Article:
Over 99% of convenience stores in the U.S. sell cigarettes. And 70% of teens visit a convenience store at least once a week. Convenient, indeed.
Exposure to pro-tobacco movies, TV shows, and ads more than doubles your chances of starting smoking.
Source: Wellman, Robert J., et al. "The Extent to Which Tobacco Marketing and Tobacco Use in Films Contribute to Children's Use of Tobacco: A Meta-analysis." Archive of Pediatric and Adolescent Medicine. Jan. 2007.
Low-Income neighborhoods are more likely to have tobacco retailers near schools than other neighborhoods
Source: DâAngelo, Heather, Alice Ammerman, Penny Gordon-Larsen, Laura Linnan, Leslie Lytle, and Kurt M. Ribisl. "Sociodemographic Disparities in Proximity of Schools to Tobacco Outlets and Fast-Food Restaurants." American Journal of Public Health 106.9 (2016): 1556-562.
As long ago as 1969, a tobacco company executive stated that they had "taken a great many steps to avoid advertising directed to young people." Yet 10 years later, they supplied their products to be featured in The Muppet Movie.
Source: Legacy Tobacco Documents Library. American Tobacco Collection. July 22, 1969. Page: 82 of 197 in PDF. Document Type: Congressional Testimony, Legal Bates Number: 968062385/2581
In the US, smoking-attributable productivity losses for women are approximately $45 billion per year.
Source: "The Health Consequences of Smoking—50 Years of Progress. A Report of the Surgeon General." U.S. Department of Health and Human Services, Centers for Disease Control and Prevention, National Center for Chronic Disease Prevention and Health Promotion, Office on Smoking and Health. Smoking-Attributable Morbidity, Mortality, and Economic Costs. 2014. Report.
Young adults report seeing heavier advertising for tobacco at the point-of-sale than on any other advertsiting platform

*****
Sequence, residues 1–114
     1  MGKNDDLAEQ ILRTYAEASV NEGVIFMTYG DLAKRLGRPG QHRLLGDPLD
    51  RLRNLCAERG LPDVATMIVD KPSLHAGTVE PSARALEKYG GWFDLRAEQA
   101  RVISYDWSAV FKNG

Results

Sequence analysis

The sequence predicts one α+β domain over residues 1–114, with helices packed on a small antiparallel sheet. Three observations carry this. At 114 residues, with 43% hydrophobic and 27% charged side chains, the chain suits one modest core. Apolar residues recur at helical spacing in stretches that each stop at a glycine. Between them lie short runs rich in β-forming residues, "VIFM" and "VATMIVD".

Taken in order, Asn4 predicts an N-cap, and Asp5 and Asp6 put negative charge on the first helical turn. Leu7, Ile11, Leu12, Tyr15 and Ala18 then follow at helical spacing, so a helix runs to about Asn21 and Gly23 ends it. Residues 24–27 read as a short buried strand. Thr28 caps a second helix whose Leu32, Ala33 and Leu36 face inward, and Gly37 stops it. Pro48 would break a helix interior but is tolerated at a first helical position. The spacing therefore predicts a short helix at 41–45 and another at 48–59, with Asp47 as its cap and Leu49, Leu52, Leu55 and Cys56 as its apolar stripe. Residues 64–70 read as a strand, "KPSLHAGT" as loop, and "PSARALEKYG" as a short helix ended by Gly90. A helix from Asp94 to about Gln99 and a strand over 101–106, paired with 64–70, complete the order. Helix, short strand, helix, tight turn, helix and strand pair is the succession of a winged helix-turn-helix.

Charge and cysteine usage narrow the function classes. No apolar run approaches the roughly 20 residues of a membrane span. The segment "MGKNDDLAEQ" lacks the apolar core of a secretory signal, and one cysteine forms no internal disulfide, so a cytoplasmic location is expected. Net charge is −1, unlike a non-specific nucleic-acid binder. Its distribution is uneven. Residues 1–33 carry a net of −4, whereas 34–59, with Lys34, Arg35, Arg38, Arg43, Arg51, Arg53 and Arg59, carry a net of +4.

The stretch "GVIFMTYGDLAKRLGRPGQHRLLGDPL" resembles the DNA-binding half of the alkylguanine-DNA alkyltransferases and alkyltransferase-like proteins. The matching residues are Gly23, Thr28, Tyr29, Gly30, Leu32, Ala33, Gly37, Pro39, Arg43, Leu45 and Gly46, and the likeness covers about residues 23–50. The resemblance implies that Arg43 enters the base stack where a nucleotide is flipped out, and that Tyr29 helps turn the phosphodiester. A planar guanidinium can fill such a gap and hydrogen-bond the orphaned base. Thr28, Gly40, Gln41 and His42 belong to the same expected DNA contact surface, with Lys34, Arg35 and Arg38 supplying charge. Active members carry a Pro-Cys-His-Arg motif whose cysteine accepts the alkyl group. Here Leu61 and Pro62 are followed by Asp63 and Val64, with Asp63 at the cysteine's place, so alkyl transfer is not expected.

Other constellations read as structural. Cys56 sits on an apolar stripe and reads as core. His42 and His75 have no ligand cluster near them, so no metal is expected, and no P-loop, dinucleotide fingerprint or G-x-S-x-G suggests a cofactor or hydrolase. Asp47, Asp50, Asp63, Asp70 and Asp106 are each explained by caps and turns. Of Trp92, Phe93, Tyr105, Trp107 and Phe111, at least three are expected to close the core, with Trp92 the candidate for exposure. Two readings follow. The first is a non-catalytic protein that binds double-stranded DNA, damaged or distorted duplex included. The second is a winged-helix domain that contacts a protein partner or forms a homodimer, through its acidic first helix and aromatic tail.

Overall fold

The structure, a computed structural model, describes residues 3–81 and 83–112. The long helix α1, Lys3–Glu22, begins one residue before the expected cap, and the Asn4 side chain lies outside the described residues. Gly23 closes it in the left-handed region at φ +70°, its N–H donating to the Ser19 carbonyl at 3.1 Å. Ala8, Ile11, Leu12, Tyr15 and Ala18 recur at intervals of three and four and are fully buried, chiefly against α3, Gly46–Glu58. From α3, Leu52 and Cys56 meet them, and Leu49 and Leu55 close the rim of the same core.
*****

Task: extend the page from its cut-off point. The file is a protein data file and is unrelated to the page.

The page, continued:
Source: Center for Public Health Systems Science. Point-of-Sale Report to the Nation: The Tobacco Retail and Policy Landscape, 2014. https://cphss.wustl.edu/Products/ ProductsDocuments/ASPiRE_2016_ReportToTheNation.pdf
On their websites, tobacco companies encourage people to quit smoking. However, in 2006, a court found that tobacco companies manipulate nicotine levels to keep smokers addicted.
Source: "United States of America, Plaintiff, and Tobacco-Free Kids Action Fund, American Cancer Society, American Heart Association, American Lung Association, Americans for Nonsmokers' Rights, and National African American Tobacco Prevention Network, Ontervenors, v. Philip Morris USA, Inc. (f/k/a Philip Morris, Inc.), et al., Defendants." United States District Court for the District of Columbia. 17 Aug. 2006: 5.
Advertising products at the point-of-sale at convenience stores increases "impulse buys" and makes tobacco seem like a part of everyday life. Which is probably why Big Tobacco spends 95% of its $9.1 billion yearly budget here.
Source: Center for Public Health Systems Science. Point-of-Sale Report to the Nation: The Tobacco Retail and Policy Landscape. St. Louis, MO: Center for Public Health Systems Science at the Brown School at Washington University in St. Louis and the National Cancer Institute, State and Community Tobacco Control Research Initative, 2014. http://publichealthlawcenter.org/sites/default /files/resources/WaU-guide-POS-policy-report-2015.pdf
In DC, Big Tobacco advertises up to 10x more in black neighborhoods than in other neighborhoods
Source: Lee, J. G., Henriksen, L., Rose, S. W., Moreland-Russell, S., & Ribisl, K. M. (2015). A systematic review of neighborhood disparities in point-of-sale tobacco marketing. American journal of public health, 105(9), e8-e18.
In 2007, Camel sold pink and teal packaged cigarettes which attracted young girls.
Source: "Camel No. 9 Cigarette-Marketing Campaign Targeted Young Teenage Girls." American Academy of Pediatrics, 10 November 2009
There is more smoking in TV shows rated TV-PG than in TV shows with a TV-14 rating. In other words, smoking is more prevalent on shows that aim to reach younger viewers. Hmm.
Source: Cullen, Jennifer, et al. "Depictions of Tobacco Use in 2007 Broadcast Television Programming Popular Among US Youth." Archives of Pediatric and Adolescent Medicine. 165(2). 07 Feb. 2011: 147-151. Web.
Yep. When people see the celebs that they love smoking, they start thinking smoking is a normal, aspirational thing. Says who? Says science. Lots and lots of science.
Source: "The Role of the Media in Promoting and Reducing Tobacco Use. Tobacco Control Monograph No. 19." U.S. Department of Health and Human Services, National Institutes of Health, National Cancer Institute. Bethesda, MD. June 2008.
Around 375,000 stores in the U.S. sell tobacco products.
Source: Center for Public Health Systems Science. Point-of-Sale Report to the Nation: The Tobacco Retail and Policy Landscape, 2014.